In the future, just about everyone will be driving an electric car. We’re seeing the beginnings of this, and that means electrics and hybrids are showing up in junk yards. What does that mean? Tons of big batteries and powerful motors to build an electric vehicle from recycled parts.
A few years ago, someone exceptionally smart did the math on the environmental friendliness of different makes of vehicles from cradle to grave. The most environmentally friendly car to buy wasn’t a Prius, Leaf, or Tesla, but a used car; an old Civic or Rabbit. The logic makes sense – after two or three hundred thousand miles under its timing belt, the Civic or Rabbit has already paid the cost of forging the body and refining the plastic. Obviously, then, the most environmentally friendly car would be reusing the batteries and motor out of a newer hybrid.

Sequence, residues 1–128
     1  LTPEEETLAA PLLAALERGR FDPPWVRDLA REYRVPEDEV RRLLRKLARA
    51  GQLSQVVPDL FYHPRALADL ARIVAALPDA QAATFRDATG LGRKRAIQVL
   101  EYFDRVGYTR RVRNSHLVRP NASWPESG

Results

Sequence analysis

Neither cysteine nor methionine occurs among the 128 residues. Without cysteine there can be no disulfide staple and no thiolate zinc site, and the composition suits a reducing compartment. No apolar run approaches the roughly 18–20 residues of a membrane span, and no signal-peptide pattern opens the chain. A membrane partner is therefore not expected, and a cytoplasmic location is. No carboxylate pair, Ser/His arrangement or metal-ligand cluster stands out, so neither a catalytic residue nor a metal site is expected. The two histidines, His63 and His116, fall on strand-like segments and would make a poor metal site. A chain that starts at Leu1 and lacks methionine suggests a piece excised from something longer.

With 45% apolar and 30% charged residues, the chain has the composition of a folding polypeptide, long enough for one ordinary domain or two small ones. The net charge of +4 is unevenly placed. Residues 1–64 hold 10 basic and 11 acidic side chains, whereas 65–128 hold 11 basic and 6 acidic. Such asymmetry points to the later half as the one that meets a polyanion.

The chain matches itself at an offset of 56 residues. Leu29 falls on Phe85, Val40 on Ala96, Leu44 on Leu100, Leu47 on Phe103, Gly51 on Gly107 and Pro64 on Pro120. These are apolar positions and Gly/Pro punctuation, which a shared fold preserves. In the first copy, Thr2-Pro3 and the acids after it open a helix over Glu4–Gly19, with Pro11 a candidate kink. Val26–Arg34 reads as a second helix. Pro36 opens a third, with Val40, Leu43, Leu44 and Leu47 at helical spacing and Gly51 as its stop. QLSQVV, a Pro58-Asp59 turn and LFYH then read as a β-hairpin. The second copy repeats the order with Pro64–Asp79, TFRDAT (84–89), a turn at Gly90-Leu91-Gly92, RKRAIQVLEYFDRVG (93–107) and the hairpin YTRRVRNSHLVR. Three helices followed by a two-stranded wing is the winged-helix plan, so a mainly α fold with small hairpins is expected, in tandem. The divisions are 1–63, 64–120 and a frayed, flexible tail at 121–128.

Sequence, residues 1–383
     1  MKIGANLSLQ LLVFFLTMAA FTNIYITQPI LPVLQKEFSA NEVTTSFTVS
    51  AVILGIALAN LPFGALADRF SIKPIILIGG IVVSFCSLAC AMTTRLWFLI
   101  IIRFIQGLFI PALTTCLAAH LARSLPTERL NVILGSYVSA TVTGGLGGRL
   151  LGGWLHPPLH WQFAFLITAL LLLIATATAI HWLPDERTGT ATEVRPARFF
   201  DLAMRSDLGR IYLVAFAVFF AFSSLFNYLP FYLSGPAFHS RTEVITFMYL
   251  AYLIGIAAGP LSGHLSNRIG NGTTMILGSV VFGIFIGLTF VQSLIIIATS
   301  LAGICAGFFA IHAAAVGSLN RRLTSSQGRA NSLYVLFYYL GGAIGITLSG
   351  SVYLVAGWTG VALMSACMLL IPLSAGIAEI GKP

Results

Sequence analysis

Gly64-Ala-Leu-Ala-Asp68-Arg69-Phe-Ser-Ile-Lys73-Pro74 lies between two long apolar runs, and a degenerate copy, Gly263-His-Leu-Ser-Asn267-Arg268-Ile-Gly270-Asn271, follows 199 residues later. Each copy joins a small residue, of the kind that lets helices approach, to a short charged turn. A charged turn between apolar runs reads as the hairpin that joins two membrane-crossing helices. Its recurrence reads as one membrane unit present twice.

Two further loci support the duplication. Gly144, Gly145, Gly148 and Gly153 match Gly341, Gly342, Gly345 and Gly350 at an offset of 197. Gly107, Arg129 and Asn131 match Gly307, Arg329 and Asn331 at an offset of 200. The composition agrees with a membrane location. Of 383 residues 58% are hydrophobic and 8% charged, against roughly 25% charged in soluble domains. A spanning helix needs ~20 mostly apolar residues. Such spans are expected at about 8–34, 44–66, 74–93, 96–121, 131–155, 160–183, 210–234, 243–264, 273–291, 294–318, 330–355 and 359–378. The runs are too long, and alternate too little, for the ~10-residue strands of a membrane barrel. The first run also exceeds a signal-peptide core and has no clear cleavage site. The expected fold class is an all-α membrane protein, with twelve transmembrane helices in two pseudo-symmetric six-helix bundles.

For his Hackaday Prize build, [mauswerkz] is taking a 2001 BMW 330ci coupe and replacing the motor and transmission with some salvaged EV equipment. In this case, it’s the transmission and inverter from a Lexus GS450h and the batteries from a Chevy Volt ‘Extended Range’. Where the magical junkyard [mauswerkz] is pulling this equipment out of is anyone’s guess, but he did it. Maybe you can too.
So far, [mauswerkz] has the charger out of the Chevy Volt hooked up to the inverter and transmission from the Lexus and is making stuff turn. It’s only running at 200V instead of the final voltage of 650, but it’s enough for a proof of concept. Now it’s just a matter of stuffing everything inside the BMW.
Of course going to a junk yard isn’t the only way to get an EV. The more enterprising builder might want to build their own EV completely from scratch, starting with a block of foam. Yes, it even looks better than the BMW.